Bitcoin Cash (BCH), Sometimes referred to as Bcash, is a fork of Bitcoin (BTC). When a fork occurs on a Blockchain, the currency is basically duplicated.
This means that anyone with Bitcoins in his possession at the time the fork occurred, got credited with the same amount of Bitcoin Cash.
So does that mean free money? Sort of… Here’s our guide on how to claim your Bitcoin Cash if you owned Bitcoin before the split on August 1, 2017.
On November 2018 Bitcoin Cash forked and created Bitcoin SV (Satoshi’s Vision) – a version of Bitcoin Cash with an even larger block size of 128 MB.
Both Ledger and TREZOR provide functions for you to use Bitcoin Cash as you would any other cryptocurrency. Both have also introduced the ability to claim your funds if you already owned Bitcoin at the time of the Bitcoin Cash hard fork.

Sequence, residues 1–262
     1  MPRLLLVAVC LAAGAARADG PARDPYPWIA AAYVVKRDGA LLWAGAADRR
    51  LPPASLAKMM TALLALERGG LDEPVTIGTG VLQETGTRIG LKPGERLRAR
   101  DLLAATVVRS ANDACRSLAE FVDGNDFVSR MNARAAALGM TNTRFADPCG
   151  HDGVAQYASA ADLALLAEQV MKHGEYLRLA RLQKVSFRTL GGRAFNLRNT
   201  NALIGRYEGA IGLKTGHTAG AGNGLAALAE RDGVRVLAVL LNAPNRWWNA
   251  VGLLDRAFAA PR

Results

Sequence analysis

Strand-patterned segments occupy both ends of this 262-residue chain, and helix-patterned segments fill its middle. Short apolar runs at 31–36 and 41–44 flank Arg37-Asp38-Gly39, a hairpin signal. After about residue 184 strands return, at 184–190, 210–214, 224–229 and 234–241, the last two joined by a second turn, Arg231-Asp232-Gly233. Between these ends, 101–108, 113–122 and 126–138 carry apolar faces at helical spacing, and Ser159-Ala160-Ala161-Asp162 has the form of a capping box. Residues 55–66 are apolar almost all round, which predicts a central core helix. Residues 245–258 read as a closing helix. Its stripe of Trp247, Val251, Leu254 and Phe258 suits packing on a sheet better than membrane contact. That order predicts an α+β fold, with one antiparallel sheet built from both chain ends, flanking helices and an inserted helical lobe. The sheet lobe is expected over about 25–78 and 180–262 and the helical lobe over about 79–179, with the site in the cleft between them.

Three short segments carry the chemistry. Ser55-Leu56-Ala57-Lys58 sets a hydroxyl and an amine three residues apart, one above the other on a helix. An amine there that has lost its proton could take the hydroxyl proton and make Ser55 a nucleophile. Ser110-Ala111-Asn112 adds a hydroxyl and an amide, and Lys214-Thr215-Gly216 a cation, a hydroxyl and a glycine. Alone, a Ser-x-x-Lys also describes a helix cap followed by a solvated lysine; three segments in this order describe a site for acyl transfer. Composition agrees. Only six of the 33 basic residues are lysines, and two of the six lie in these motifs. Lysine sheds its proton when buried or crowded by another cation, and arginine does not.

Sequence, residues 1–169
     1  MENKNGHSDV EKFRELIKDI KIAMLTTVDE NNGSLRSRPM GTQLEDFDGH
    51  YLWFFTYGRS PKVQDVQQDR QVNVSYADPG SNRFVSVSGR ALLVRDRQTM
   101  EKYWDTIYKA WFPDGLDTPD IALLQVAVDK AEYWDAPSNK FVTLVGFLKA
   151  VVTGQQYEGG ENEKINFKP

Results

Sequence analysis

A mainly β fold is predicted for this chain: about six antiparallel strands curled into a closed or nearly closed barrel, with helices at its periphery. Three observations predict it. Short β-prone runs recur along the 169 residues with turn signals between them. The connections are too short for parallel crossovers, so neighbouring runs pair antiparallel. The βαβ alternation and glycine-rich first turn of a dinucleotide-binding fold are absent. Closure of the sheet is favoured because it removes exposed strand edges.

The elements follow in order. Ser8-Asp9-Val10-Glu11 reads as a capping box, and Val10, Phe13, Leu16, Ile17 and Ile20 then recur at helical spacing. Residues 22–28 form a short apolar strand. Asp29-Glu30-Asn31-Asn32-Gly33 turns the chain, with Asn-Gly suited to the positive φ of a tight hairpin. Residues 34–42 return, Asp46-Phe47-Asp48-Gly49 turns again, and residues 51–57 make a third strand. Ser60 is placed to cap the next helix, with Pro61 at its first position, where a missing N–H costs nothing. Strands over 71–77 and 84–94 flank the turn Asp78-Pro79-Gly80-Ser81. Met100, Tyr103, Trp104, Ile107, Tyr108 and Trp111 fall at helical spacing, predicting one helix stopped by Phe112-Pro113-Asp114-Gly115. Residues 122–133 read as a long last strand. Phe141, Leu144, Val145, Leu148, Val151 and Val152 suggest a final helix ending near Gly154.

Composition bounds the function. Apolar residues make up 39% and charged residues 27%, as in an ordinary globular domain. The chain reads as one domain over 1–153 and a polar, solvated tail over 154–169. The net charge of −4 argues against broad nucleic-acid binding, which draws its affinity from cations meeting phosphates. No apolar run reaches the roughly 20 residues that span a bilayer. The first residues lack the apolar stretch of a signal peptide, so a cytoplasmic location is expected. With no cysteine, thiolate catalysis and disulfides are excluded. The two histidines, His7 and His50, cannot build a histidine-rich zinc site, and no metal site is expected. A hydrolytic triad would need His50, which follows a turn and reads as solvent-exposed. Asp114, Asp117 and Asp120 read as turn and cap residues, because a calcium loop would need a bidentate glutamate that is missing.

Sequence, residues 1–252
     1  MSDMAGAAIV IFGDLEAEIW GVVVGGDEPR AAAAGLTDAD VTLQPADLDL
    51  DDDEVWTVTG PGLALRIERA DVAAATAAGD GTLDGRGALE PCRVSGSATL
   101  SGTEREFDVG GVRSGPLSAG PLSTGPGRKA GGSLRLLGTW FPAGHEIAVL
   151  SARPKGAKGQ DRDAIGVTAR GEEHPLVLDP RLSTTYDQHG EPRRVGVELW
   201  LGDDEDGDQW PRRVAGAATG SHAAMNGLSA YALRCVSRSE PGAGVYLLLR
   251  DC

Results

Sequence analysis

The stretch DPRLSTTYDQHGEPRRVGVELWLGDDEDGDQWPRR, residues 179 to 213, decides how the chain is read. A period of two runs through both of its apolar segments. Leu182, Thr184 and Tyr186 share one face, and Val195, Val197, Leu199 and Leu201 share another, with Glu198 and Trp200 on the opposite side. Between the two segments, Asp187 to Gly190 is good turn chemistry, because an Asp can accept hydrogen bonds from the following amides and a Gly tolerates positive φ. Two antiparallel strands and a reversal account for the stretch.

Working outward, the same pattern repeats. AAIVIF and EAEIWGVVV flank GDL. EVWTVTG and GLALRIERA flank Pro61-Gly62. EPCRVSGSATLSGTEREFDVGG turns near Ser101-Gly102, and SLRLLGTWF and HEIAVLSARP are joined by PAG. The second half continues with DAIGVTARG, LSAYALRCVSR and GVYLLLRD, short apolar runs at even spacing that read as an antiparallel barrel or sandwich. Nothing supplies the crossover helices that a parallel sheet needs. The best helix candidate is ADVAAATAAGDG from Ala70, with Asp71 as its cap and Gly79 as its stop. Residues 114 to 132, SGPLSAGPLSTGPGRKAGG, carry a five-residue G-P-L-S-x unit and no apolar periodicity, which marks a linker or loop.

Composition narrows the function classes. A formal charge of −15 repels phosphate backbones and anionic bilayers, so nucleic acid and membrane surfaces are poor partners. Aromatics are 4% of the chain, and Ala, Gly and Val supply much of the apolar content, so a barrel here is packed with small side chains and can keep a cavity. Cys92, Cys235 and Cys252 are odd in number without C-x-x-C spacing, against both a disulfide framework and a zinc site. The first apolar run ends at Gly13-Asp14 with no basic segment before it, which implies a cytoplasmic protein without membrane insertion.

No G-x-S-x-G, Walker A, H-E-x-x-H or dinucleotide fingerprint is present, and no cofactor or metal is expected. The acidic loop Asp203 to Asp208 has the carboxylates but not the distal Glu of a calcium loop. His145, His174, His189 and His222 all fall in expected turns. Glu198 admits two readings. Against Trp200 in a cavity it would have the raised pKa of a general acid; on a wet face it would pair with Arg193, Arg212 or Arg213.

Addtionally, there are a variety of software wallets you can use to store Bitcoin Cash as well.
Edge is a mobile wallet for iOS and Android that supports multiple cryptocurrencies including Bitcoin Cash. It also has a variety of features allowing you to buy cryptocurrencies and exchange them from within the app.
Once you have your wallet, you will need your Bitcoin Cash address. It’s a long string of letters and numbers that start with either a “1” or a “3” – similar to normal Bitcoin addresses.
Since many people got confused and started sending Bitcoins to Bitcoin Cash wallets and vice versa, a new format was invented for Bitcoin Cash. The format, called “Cash Address” is 42 characters long and starts with a “p” or a “q”. Here’s an example:
Keep in mind that Cash Addresses are just a representation of original Bitcoin Cash addresses. This means that the same address can be represented in two different ways (normal format or Cash Address format).